Sherrie, alongside Romany journalist and filmmaker Jake Bowers, set up the Drive2Survive campaign to combat the Policing Bill and the threat to nomadic freedom that the Conservative government poses. Speaking on the importance of resistance to the Bill, she explains, “Section four of it is inherently racist and will mean the end of Gypsy Travelling and Travellers.” Section Four states that ‘trespass’ will no longer be a civil crime, instead it will be changed to a criminal offence. Police will also be granted additional powers to handle roadside camps.
“Sherrie was also one of the people who established Report Racism GRT in 2016, which collects data on hate crimes committed against Gypsy, Roma and Traveller people”
Through Drive2Survive, a coalition of Romany Gypsies, Irish Travellers, community organisers and nomadic activists have used peaceful protests, community events and media to highlight the Policing Bill and educate people in how it is harmful to the freedoms of all society, not just the GRT community who will be among those hit the hardest. Sherrie had initially expected the campaign to take years to gain traction and bring in different communities to create one cohesive support network. “I was shocked at how quickly it took off, I didn’t expect it to be this fast.”
Coalition building has proved an uphill battle. Falling under the umbrella of those affected by the new legislation is a huge array of people – all with individual, and sometimes conflicting, interests. Juggling all of these and ensuring each community’s voice is heard and respect has been hard work, she says.
“Gypsies, Roma and Travellers, [some of them] are very old-fashioned people,” Sherrie tells me diplomatically, pointing to some of the friction points, including bringing together other marginalised communities.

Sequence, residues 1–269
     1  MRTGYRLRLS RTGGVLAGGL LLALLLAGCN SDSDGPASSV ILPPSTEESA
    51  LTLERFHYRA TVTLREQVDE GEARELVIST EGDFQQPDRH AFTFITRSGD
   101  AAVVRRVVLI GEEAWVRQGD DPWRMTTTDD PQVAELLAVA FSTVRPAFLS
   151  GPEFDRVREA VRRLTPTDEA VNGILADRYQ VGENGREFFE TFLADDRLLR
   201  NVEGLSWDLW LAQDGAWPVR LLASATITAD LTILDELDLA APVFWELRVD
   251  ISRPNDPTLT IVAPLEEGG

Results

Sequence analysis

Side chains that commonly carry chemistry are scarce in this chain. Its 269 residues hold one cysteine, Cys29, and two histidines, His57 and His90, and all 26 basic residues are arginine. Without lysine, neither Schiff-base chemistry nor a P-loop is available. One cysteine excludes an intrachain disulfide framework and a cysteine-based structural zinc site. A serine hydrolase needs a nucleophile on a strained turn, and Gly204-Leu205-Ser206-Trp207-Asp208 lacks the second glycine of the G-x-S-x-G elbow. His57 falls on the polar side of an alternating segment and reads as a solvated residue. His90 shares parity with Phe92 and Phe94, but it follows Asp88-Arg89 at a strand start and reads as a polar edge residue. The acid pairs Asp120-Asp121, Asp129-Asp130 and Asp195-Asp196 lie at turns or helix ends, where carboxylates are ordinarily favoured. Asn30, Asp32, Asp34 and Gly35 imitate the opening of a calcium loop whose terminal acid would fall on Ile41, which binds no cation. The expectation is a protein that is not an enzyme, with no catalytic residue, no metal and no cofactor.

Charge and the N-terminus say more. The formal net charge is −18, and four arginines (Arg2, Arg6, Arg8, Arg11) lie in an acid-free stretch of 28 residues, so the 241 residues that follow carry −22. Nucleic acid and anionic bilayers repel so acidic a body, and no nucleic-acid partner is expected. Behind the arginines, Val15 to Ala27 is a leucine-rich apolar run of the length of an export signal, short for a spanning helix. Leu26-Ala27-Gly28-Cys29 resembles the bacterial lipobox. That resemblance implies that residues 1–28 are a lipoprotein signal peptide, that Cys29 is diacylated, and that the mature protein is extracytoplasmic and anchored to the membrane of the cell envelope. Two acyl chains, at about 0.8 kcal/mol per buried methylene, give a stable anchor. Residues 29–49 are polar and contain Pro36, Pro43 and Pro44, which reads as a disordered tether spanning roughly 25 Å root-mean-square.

“When we organise a demonstration in London [and] bring in the new travellers, because we have to provide safe space for Roma women and also LGBTQ+ people. We had to work around how we provide that safe space in an environment that’s not like we’re being condescending.” There’s been other competing interests too, but Sherrie’s main goal is to gain the trust of Roma, Gypsy and Traveller communities.
“It’s a very difficult thing to negotiate. And I think that our trust is built on each event.”
Building trust can’t be done overnight. While Drive2Survive has become Sherrie’s most publicised campaign outside of the GRT community, it’s not the first movement she’s spearheaded. In 2016, Sherrie facilitated the UK’s first ever participation in a project called ‘Dikh He Na Bistar’ [Look and Don’t Forget] – which she describes as the project she’s enjoyed doing the most.
Dikh He Na Bistar is an annual event that brings Roma people from all over Europe to Poland every August to commemorate the Gypsy victims of the Holocaust. Sherrie wanted the UK to become part of something “so important to Gypsy history” and for “younger generations to understand the struggles our people had faced and continue to face”.